Basically, all the plastics, fillers, polyurethane (which is in just about everything from that new paint on your DIY dresser to the foam in your couch), etc., builds up in your breast tissue where it is nicely stored until the perspective danger zone is converted from abnormal cells to cancer. This seems perhaps a little doom and gloom, but take into consideration that our boobies gobble up fat like turkeys. They are storage systems of fat and the chemicals discussed are fat-loving.

POPs Goes the Economy…

All this to say, most of our economy is somehow connected to these 80,000 chemicals. It’s in most of our personal and home products, building products, you name it. So what are your girls to do? Well, don’t panic. Just start paying more attention.   There are several of these POP’s that are easily spotted and included in the ingredient lists. But, here are some suggestions that you won”t find on the ingredient list:

  • Consider purchasing blankets and pillows with feather or wool stuffing instead of the batting that is now so common.
  • When purchasing packaged foods, choose glass. Some companies are trying to market BPA-free lined cans, but it is still very early to be able to expect BPA-free cans on a grand scale. There are a few companies like Eden Organic that has BPA-free canned beans. Otherwise, choose glass.
  • Please don”t drink from plastic water bottles. Besides the large, swirling plastic island of debris in the middle of our ocean, water bottles can leach harmful chemicals into your water. You are trying to do a good thing by staying hydrated, but your ladies are getting a dose of BPA. Get yourself a refillable tin canister (that should be labeled BPA free).
  • Always wash clothes you just purchased before wearing them. Formaldehyde is often sprayed on clothing to keep it from mildewing in shipment. I know your excited, but run it through the rinse for a good cleaning so that stuff doesn”t leach through your skin.
If this isn”t enough to whet your appetite, consider reading about the “Dirty Dozen” cosmetic chemicals on the David Suzuki Foundation”s website.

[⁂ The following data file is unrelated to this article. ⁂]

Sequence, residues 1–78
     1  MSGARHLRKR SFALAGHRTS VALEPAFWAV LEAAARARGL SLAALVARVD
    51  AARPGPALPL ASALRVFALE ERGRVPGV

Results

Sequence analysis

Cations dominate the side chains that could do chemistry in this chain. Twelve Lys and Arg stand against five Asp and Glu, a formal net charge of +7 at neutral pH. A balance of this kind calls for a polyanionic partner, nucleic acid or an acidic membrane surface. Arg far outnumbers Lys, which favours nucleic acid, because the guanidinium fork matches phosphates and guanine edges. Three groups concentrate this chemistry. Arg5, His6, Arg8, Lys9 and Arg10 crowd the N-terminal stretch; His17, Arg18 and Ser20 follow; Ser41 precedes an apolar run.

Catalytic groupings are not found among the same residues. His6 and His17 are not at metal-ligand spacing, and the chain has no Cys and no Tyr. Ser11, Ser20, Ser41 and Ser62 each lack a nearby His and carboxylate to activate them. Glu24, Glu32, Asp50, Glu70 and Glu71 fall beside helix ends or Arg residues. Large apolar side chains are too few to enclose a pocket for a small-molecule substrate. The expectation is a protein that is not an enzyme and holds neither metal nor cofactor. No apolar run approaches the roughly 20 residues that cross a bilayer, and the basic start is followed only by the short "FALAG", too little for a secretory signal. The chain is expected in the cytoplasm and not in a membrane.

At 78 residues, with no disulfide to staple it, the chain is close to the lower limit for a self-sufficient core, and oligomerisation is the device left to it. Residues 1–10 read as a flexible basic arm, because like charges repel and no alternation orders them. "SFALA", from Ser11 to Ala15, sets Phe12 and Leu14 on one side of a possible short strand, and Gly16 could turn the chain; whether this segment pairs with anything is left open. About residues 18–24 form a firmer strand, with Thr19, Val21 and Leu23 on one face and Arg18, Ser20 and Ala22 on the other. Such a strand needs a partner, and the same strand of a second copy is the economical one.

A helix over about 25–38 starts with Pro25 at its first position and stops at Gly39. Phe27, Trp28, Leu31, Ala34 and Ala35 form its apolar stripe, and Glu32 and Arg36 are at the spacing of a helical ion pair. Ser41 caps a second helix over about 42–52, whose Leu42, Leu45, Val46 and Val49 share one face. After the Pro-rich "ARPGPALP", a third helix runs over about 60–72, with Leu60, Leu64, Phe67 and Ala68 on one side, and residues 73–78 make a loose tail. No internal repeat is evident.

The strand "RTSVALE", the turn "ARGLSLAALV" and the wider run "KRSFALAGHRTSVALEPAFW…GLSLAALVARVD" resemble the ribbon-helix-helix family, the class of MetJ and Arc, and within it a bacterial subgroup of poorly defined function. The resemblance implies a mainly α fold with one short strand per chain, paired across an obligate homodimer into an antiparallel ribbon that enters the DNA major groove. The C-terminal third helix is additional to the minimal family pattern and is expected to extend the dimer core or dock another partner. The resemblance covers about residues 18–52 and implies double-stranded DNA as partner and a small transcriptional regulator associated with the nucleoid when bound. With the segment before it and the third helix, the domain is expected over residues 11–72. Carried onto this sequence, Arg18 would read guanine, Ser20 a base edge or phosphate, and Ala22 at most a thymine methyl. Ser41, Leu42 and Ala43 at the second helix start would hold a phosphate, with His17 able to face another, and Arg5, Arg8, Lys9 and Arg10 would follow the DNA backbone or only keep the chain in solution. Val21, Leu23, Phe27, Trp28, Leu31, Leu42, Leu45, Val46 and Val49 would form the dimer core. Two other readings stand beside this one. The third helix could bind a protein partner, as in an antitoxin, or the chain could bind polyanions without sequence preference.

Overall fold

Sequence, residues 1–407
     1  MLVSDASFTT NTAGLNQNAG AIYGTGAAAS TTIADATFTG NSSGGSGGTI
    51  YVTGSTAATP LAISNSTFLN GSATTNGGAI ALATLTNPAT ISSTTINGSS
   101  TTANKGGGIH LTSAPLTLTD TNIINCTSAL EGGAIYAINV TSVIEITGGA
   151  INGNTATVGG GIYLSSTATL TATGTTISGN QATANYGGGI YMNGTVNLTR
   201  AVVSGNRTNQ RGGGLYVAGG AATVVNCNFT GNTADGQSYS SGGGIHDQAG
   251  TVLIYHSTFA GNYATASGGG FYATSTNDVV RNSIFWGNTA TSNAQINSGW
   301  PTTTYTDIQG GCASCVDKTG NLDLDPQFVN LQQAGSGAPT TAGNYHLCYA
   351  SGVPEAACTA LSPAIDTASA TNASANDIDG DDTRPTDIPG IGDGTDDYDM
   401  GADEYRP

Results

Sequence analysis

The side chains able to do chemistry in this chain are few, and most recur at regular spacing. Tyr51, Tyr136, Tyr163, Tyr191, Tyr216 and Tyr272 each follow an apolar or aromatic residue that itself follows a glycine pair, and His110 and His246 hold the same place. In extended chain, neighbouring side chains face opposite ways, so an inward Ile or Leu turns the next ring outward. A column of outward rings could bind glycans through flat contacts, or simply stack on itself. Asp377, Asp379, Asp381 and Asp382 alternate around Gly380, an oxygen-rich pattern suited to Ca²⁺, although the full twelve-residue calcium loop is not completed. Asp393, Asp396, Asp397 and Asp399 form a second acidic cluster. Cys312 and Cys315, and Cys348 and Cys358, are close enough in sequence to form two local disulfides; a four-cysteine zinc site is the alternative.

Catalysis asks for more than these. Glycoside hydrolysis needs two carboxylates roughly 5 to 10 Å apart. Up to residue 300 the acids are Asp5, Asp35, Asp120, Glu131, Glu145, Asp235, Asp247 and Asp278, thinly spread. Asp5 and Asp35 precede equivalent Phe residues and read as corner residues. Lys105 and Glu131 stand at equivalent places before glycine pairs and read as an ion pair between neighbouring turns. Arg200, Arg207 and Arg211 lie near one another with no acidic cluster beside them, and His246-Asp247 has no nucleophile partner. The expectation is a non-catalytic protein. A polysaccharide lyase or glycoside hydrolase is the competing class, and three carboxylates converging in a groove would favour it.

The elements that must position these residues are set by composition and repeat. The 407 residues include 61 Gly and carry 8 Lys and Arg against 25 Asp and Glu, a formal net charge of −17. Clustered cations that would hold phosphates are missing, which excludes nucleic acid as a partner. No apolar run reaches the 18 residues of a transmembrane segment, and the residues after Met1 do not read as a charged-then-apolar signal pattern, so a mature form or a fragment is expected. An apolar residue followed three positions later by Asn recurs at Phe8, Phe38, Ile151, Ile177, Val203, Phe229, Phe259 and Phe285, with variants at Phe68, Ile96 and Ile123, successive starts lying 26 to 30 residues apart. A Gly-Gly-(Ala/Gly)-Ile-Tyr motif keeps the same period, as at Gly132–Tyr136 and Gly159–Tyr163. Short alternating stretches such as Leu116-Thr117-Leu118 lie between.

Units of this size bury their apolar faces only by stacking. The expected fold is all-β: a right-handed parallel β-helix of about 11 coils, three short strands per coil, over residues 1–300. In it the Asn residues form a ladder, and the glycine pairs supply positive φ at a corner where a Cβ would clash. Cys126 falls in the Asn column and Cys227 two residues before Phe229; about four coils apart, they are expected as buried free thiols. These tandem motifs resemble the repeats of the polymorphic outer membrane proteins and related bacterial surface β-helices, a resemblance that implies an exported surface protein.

Read the book if you can or you could listen to , my favorite radio show. They interview Williams about her book. Don”t be overwhelmed. There is a lot to consider when you purchase a product, but you will notice a lot of repetition and with every shopping experience it is easier to spot ingredients you are trying to avoid.

What chemicals have you worked to eliminate from your home and personal products? Share some of your favorite products or ways to live more healthfully that you have discovered.

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1 Comment

  1. “Always wash clothes you just purchased before wearing them. Formaldehyde is often sprayed on clothing to keep it from mildewing in shipment.”
    I work in a clothing store where I handle and fold new clothes all day. So this is why they sometimes seem a little damp when they come in on shipment day. A bit freaked out now.

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I’m Kate, mama to 5 and wife to Ben.  I love meeting new people and hearing their stories.  I’m also a big fan of “fancy” drinks (anything but plain water counts as ‘fancy’ in my world!) and I can’t stop myself from DIY-ing everything.  I sure hope you’ll stick around so I can get to know you better!